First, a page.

On May 21, I did something I hadn't done in a long time: I went to a memorial service. It had been a while for me. Funerals seem rare in the age of protease. Even so, I attended a memorial service for a remarkable man. Kiyoshi Kuromiya had died two weeks before from AIDS-related complications. I sat in a charming church in Philadelphia with folks from all over the country to honor a truly great AIDS activist -- although to limit Kiyoshi's achievements to AIDS is to do him a profound disservice. Friends, colleagues, and family members spoke in honor of his memory. Kiyoshi would have been embarrassed by all the attention.
To quote the e-mailed obituary I received, "Kiyoshi devoted his life to the struggle for social justice. He was a committed civil rights and anti-war activist. He was also one of the founders of Gay Liberation Front-Philadelphia and served as an openly gay delegate to the Black Panther Convention that endorsed the gay liberation struggle."
Born in a Japanese internment camp in Nevada; founder of the Critical Path Project, which brought the theories of the visionary Buckminster Fuller to the AIDS struggle; providing free Internet access to countless people in Philly; advocate for medical marijuana -- the list of Kiyoshi's experiences and accomplishments goes on and on. Even his name, Kiyoshi, means "to make clear," something he spent his life doing, whether it was making people understand the effects of racism or helping HIV-positive people and people living with AIDS understand AIDS treatments.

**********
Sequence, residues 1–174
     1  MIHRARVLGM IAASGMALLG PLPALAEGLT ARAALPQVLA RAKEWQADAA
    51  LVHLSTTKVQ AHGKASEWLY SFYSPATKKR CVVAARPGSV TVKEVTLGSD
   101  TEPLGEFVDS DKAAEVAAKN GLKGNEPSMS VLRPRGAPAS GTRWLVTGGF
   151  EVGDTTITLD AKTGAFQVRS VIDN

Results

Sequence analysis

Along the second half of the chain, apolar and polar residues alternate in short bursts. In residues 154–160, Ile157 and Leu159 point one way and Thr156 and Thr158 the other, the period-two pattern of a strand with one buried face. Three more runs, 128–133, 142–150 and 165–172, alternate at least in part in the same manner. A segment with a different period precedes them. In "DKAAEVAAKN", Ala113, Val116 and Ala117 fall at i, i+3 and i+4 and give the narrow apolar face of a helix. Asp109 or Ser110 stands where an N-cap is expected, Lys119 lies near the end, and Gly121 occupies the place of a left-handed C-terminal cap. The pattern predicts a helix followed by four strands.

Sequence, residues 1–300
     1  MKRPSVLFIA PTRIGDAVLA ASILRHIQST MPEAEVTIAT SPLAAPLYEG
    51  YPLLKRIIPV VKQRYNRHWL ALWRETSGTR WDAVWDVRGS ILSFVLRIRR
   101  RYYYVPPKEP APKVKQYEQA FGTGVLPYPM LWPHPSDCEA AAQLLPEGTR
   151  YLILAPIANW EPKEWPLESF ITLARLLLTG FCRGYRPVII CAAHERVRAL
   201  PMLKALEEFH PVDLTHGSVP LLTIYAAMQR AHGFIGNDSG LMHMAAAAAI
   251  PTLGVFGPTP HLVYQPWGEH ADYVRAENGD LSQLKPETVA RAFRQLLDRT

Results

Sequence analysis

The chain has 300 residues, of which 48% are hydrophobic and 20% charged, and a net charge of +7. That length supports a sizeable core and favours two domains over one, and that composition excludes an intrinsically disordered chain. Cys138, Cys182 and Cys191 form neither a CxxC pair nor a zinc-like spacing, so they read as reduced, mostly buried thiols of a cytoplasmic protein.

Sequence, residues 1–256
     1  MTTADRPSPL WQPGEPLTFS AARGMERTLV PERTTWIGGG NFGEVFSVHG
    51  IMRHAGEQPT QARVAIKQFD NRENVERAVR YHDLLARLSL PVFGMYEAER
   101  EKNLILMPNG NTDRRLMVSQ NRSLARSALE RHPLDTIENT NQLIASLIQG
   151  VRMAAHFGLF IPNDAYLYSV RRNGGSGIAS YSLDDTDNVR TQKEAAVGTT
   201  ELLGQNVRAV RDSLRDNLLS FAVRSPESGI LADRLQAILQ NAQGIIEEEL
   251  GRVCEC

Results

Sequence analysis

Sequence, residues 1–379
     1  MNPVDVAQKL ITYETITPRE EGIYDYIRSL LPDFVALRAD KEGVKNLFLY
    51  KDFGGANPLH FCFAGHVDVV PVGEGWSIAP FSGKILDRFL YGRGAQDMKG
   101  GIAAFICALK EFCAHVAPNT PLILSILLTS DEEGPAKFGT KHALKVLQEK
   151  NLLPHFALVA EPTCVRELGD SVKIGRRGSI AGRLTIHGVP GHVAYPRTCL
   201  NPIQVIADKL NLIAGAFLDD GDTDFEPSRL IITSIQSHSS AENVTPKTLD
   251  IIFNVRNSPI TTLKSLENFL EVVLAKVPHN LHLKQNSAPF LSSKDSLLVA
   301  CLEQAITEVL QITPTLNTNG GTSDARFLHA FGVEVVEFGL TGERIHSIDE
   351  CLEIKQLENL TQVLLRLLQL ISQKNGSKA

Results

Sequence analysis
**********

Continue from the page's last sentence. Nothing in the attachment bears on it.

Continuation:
Many believe the age of heroes is over, that we don't live in the time of great men and women. I disagree. Sometimes we are lucky enough to meet one of those special people whose lives and efforts have such an impact on us all. Kiyoshi Kuromiya was one of those people.
In the program passed out at the service was a translation of the Heart Sutra, the shortest of the ancient Buddhist scriptures. It's often recited with the sincere intent that all creatures become enlightened beings. It was read during the service. Translated, it says: "Gone, gone, gone beyond, gone altogether beyond: All hail the Awakened One!"
Robert Vázquez-Pacheco is director of education and organizing at the Audre Lorde Project, Inc., Center for Lesbian, Gay, Bisexual, Two Spirit and Transgender People of Color Communities and a frequent contributor to Body Positive_._
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